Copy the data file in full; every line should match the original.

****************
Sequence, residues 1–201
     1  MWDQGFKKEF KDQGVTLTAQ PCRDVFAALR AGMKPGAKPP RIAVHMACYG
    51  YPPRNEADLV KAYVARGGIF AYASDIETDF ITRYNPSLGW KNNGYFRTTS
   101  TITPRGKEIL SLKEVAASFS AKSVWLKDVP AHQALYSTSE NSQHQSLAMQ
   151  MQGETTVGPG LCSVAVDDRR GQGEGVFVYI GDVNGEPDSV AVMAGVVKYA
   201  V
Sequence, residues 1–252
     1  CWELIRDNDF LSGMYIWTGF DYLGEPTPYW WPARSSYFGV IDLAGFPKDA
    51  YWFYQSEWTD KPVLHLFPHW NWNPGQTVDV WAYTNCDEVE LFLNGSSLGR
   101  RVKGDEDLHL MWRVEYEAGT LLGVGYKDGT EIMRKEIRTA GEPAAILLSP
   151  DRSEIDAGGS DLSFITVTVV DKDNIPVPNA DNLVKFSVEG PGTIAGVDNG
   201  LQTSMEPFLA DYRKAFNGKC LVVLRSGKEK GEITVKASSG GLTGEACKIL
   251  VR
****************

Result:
Sequence, residues 1–201
     1  MWDQGFKKEF KDQGVTLTAQ PCRDVFAALR AGMKPGAKPP RIAVHMACYG
    51  YPPRNEADLV KAYVARGGIF AYASDIETDF ITRYNPSLGW KNNGYFRTTS
   101  TITPRGKEIL SLKEVAASFS AKSVWLKDVP AHQALYSTSE NSQHQSLAMQ
   151  MQGETTVGPG LCSVAVDDRR GQGEGVFVYI GDVNGEPDSV AVMAGVVKYA
   201  V
Sequence, residues 1–252
     1  CWELIRDNDF LSGMYIWTGF DYLGEPTPYW WPARSSYFGV IDLAGFPKDA
    51  YWFYQSEWTD KPVLHLFPHW NWNPGQTVDV WAYTNCDEVE LFLNGSSLGR
   101  RVKGDEDLHL MWRVEYEAGT LLGVGYKDGT EIMRKEIRTA GEPAAILLSP
   151  DRSEIDAGGS DLSFITVTVV DKDNIPVPNA DNLVKFSVEG PGTIAGVDNG
   201  LQTSMEPFLA DYRKAFNGKC LVVLRSGKEK GEITVKASSG GLTGEACKIL
   251  VR